This is an article I wrote several years ago for a website called helium which collects people's articles and pays them just a few cents for those articles. Not a good deal. This morning I got an e-mail several years after I wrote this article that my article was deleted from the database for some odd reason, so I'll gladly share it with you here.
In the internet age, everyone's attention spans are getting shorter and a
lot is being left out. My sophomore year in college, for example, I had
a roommate who had a few habits that got on my nerves. He would cycle
through his mp3s and never be able to play a single song all the way
through. He would never be able to watch a half hour TV show, instead
perferring highlights on ESPN, clips from Saturday Night Live reruns
(back when they aired on Comedy Central), and MTV videos.
frustrated me that he could never sit all the way through a program
without changing the channel. I would listen to entire CDs from start to
finish, watch entire movies, and plays. I would go to class and listen
throughout the entire lecture. How awful it must be to have that small
an attention span, that my poor roomate, has, I thought?
forward five years later and after discovering the joys of youtube and other
forms of internet video for the past year and a half or so I've turned
into him. This is the tragic thing that youtube has done to me.
so many forms of entertainment being available to me every time I log
into a computer, I want to experience them all and can't sit still too
long at any one thing before something else grabs my attention. Why
watch an entire episode of the Conan O'Brien show where you can just see
the clips of the skits since it's on MTV's site? Why listen to the
radio when you can get any song you want on demand? I started taking
those shortcuts toward instant gratification and I'm having trouble
finding my way out. My primary form of entertainment has gone from
two-hour long movies to a one-hour long drama like Heroes to half-hour
shows to clips of Monty Python, Conan O'Brien or Mad TV on youtube and
it's affecting everything I do.
I can't sat still through
lectures and often through work I find myself channeling through
youtube, a TV show on demand, or some other video or radio station site.
I can't watch TV through the commercial breaks and I'm often
alternating between two or more shows. I'm an instant gratification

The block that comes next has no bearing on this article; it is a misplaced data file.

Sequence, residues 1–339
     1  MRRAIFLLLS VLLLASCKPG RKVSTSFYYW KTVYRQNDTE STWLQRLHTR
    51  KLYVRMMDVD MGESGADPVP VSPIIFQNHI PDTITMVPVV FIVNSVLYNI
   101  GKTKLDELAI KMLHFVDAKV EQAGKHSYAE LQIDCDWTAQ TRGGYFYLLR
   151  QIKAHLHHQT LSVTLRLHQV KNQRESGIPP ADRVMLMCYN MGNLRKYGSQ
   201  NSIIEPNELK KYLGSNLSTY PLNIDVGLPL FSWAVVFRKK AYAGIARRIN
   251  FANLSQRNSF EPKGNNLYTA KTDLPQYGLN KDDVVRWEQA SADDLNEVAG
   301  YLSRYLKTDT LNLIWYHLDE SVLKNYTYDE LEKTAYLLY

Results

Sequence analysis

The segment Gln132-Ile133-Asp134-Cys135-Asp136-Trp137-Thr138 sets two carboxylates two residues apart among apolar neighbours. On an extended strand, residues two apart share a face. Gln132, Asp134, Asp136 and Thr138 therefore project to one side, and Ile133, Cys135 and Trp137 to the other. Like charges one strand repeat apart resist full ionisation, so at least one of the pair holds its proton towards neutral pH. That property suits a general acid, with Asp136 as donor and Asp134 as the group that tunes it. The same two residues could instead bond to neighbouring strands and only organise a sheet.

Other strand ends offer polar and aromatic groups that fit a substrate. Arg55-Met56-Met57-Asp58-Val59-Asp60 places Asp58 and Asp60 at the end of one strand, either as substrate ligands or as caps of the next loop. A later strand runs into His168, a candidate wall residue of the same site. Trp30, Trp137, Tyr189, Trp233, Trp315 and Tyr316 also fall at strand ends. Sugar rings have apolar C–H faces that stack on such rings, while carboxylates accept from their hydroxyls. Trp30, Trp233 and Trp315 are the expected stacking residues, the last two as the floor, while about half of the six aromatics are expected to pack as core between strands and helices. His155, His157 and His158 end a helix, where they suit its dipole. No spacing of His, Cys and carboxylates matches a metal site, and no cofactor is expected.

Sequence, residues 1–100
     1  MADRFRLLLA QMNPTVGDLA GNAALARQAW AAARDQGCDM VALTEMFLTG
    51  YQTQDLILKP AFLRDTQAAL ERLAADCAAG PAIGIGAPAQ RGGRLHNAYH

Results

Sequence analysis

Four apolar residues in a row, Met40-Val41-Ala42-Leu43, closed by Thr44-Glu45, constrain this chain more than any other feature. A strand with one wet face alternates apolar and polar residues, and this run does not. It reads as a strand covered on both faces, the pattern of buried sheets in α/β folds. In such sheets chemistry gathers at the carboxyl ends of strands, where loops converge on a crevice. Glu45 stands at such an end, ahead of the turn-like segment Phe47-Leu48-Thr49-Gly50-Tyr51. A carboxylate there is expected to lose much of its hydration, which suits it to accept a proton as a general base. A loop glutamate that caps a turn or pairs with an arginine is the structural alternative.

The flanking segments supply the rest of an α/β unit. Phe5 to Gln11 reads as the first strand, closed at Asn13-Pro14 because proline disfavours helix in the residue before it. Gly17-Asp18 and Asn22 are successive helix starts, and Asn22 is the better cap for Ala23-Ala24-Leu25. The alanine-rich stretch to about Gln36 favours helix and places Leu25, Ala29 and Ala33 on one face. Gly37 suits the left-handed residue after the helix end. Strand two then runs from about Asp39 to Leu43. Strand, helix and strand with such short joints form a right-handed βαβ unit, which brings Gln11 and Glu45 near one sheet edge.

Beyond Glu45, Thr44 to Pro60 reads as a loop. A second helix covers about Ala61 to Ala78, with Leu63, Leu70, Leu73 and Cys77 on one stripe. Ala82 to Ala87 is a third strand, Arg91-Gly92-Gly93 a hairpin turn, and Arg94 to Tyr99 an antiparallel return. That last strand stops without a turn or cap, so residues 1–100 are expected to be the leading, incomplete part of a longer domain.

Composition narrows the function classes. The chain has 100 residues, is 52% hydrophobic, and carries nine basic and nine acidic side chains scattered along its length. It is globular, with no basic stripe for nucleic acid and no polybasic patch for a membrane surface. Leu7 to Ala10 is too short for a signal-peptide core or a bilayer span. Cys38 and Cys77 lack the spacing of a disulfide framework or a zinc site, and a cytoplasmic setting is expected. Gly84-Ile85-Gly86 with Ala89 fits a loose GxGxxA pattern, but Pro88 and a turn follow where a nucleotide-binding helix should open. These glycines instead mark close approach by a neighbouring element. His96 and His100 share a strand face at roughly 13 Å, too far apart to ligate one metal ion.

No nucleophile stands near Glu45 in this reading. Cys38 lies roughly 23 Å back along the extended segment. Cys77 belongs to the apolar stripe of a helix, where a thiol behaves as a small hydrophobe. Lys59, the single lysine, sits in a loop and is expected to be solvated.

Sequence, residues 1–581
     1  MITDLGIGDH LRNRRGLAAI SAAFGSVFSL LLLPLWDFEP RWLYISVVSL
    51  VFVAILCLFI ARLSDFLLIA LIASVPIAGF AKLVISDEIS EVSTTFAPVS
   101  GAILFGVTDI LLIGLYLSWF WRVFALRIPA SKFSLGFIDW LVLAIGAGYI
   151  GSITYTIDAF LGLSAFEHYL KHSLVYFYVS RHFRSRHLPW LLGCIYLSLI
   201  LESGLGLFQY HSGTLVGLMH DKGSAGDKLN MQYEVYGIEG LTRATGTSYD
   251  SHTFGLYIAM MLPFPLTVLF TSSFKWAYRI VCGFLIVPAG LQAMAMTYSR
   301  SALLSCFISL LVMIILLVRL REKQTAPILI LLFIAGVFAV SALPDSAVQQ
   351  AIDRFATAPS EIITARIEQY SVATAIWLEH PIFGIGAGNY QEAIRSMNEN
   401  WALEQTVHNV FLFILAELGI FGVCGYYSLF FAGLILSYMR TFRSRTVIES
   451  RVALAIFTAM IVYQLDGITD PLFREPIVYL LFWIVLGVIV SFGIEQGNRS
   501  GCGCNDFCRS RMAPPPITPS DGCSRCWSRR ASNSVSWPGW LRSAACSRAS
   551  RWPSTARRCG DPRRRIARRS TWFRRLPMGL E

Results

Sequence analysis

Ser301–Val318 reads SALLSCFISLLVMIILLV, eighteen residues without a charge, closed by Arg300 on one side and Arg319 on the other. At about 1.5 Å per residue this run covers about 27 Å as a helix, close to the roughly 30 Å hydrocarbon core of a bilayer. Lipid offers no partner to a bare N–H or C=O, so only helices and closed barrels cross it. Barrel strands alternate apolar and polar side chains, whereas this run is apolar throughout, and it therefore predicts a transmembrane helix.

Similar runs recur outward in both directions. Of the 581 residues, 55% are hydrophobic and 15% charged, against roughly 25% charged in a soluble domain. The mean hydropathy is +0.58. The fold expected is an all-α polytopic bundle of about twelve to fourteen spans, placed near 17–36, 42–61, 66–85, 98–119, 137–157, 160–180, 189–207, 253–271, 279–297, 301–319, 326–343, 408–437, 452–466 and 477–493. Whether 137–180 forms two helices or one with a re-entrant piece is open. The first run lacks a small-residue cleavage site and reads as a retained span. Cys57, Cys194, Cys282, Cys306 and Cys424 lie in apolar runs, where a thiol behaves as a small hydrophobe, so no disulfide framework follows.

junkie, in short, and I'm fully aware that's a more chaotic and less
peaceful place that both society and myself have fallen privy to.
is this a problem? Well, aside from the obvious answers of all the ways
a shortened attention span makes it more difficult to focus on anything
and get anything done, I feel like we can't fully appreciate anything
at all as well. Remember Beethoven's 5th symphony? Oh, silly me, I
forgot that you folks in generation X won't dare listen to anything
unless it has words being sung/screamed loudly accompanied to a
keyboard, guitar, drums and bass, and you folks in Generation Y, live in
a world where only rappers are considered true musicians, so that's
pretty much synthesizer, drums and bass (see we've already shortened our
attention span from 4 instruments to 3).
Anyway, Beethoven's 5th
symphony is that one that goes Dum-Dum-Dum-Duuuuum,
Dum-Dum-Dum-Duuuuum. It's a very dramatic piece that even my 5-second
attention span college roommate had downloaded on his computer but that
well-known part of Beethoven's 5th Symphony is only the 1st movement of
four parts. If you listen to the 2nd part of the symphony, it's very
boring and insipid on its own, the third is kind of iffy, but the 4th is
where it all comes together. When you get to the fourth, you realize
that the second and third movements were put there for a reason: to
provide contrast to the 2nd and 3rd movements. The symphony takes over
30 minutes to listen to (or maybe it's 20 or 40, I really am just
guessing here, but it's at least 4 times longer than your average song
on the radio, put it that way. I couldn't find on wikipedia, google,
amazon, my desk encyclopedia or this old music textbook how long the
symphony was) which very few people in Generation Y has the patience to
but it is that much more rewarding to get to movement 4 . And
that's exactly what we're missing when our attention spans get reduced
to wax: The metaphorical second and third movements of the movie, TV
show, album and quite possibly life itself.